Willie O’Ree, who broke the NHL’s color barrier, finally had his No. 22 retired by the Boston Bruins on Tuesday night.

“From a young age, my heart and my mind were set on making it to the NHL. I’m grateful and honored that it was with the Bruins,” O’Ree said in a speech delivered virtually before the Bruins’ 7-1 loss to the Carolina Hurricanes in Boston.

The ceremony came 64 years to the day after O’Ree, 86, became the first African American to play in an NHL game—January 18, 1958 against the Montreal Canadiens. It was supposed to happen on February 18 last year, but COVID-19 restrictions had other ideas.

He would go on to play in 45 games with Boston over the course of the 1957-58 and 1960-61 seasons. The number is the 12th retired by the B’s and the first since Rick Middleton’s 16 went to the rafters in 2018.

Subscribe to our free weekly newsletter!

A week of sports news in your in-box.
We find the sports news you need to know, so you don't have to.

“To the Bruins fans, I am honored to have had the pleasure of playing before you. Thank you for your tremendous love and support,” O’Ree said. “This is an unforgettable day. I am overwhelmed and thrilled to be a part of the Bruins, forever.”

The Fredericton, New Brunswick, Canada, native has served as a diversity ambassador for the NHL over the past few decades and was inducted into the Hockey Hall of Fame in 2018.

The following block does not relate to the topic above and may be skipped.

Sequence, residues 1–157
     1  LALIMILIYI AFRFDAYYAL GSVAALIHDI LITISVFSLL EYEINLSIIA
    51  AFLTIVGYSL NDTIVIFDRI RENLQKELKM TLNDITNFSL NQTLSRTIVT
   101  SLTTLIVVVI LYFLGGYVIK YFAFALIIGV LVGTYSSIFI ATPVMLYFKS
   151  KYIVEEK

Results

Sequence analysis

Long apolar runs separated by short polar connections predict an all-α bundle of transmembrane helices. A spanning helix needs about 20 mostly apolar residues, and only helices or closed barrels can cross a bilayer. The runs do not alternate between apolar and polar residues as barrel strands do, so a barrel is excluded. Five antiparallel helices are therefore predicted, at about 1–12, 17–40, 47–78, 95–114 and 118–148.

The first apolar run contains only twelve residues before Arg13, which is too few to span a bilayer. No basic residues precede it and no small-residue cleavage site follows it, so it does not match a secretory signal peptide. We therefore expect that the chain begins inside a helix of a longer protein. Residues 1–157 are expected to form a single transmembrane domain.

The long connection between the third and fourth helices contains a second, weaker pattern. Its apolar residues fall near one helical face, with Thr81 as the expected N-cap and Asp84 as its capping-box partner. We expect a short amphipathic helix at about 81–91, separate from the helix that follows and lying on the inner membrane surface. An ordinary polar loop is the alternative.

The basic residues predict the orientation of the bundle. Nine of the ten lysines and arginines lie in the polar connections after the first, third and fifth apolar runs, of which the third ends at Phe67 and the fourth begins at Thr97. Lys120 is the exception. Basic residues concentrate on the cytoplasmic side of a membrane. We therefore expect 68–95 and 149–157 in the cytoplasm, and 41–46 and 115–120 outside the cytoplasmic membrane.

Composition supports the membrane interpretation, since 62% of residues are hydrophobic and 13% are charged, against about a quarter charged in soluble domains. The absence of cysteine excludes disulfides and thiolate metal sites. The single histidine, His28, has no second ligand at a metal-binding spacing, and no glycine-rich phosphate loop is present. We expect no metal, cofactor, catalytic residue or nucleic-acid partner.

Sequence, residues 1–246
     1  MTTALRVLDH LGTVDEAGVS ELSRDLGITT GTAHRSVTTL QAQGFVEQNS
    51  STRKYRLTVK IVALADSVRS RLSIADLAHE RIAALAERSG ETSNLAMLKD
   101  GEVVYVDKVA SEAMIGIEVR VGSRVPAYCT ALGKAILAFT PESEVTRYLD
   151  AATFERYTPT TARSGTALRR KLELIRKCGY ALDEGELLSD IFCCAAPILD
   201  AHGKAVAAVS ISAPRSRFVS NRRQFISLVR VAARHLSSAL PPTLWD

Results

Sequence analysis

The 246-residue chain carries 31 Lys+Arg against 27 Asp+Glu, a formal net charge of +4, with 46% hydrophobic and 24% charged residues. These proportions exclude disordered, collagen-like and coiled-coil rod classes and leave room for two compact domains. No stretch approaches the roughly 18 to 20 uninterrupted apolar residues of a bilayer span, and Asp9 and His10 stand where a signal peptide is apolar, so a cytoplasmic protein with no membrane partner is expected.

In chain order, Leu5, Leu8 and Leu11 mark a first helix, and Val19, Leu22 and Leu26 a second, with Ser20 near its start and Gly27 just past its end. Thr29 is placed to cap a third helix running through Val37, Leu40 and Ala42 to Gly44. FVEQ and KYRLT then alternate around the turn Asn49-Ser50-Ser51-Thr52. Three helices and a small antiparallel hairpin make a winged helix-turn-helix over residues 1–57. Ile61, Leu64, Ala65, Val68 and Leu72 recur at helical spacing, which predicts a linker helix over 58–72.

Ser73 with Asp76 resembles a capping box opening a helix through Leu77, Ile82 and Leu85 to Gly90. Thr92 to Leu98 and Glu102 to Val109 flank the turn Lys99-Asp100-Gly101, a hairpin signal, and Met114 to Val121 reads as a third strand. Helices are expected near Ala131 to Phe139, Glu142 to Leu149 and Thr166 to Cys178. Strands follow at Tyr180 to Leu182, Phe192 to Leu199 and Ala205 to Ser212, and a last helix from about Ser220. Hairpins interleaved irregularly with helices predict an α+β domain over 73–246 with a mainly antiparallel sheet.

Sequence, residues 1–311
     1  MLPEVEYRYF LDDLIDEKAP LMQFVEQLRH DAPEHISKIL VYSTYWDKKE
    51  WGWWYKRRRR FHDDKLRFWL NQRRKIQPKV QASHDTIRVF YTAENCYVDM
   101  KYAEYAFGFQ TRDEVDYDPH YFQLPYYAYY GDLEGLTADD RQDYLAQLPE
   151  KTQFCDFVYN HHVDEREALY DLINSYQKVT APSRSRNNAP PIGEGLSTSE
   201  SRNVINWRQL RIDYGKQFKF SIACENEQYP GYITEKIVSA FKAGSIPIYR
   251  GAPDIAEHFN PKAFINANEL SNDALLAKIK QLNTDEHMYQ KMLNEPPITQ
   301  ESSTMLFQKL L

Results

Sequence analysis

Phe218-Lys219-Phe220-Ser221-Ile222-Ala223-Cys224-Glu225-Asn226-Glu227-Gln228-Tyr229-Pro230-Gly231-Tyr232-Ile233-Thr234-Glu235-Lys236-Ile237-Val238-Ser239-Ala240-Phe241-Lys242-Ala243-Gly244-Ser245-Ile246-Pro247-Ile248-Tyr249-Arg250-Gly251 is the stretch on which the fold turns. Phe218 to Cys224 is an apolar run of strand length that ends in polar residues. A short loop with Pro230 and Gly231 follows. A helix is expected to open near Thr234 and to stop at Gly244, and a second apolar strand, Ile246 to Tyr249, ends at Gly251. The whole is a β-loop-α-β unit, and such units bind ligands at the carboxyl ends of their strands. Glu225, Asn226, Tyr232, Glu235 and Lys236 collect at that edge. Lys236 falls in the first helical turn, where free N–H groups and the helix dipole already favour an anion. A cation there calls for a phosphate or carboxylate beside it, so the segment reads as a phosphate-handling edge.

“While my family and I looked forward to participating in the ceremonies in-person, the long travel and associated risks that come along with a cross-country trip have led us to make the difficult decision to participate virtually,” O’Ree said earlier this month.

Bruins players took the ice for warm-ups in special jerseys adorned with commemorative O’Ree patches; they also wore 22 in warm-ups. Inside the locker room, their lockers had commemorative nameplates with the patch and a photo of O’Ree. The ice had No. 22 decals behind both nets, where they will remain for the next three home games.

The city of Boston declared January 18 “Willie O’Ree Day,” with Fenway Park, Gillette Stadium, and City Hall all lit up in gold. Arenas around the league honored him on the Jumbotron before games.

“I think it’s a great honor for Willie,” Boston coach Bruce Cassidy said. “He’s a trailblazer to say the least. I’m very happy for him and his family.”

“Tonight, my idol Willie O’Ree’s No. 22 will be hung from the rafters,” tweeted Wayne Simmonds of the Toronto Maple Leafs. “I can’t stress how much Mr. O’Ree has meant to me and millions of other BIPOC kids who love the game of hockey.”

Read more about:

Leave a comment

This site is protected by reCAPTCHA and the Google Privacy Policy and Terms of Service apply.

The reCAPTCHA verification period has expired. Please reload the page.

Listen to the uInterview Podcast!
Get the most-revealing celebrity conversations with the uInterview podcast!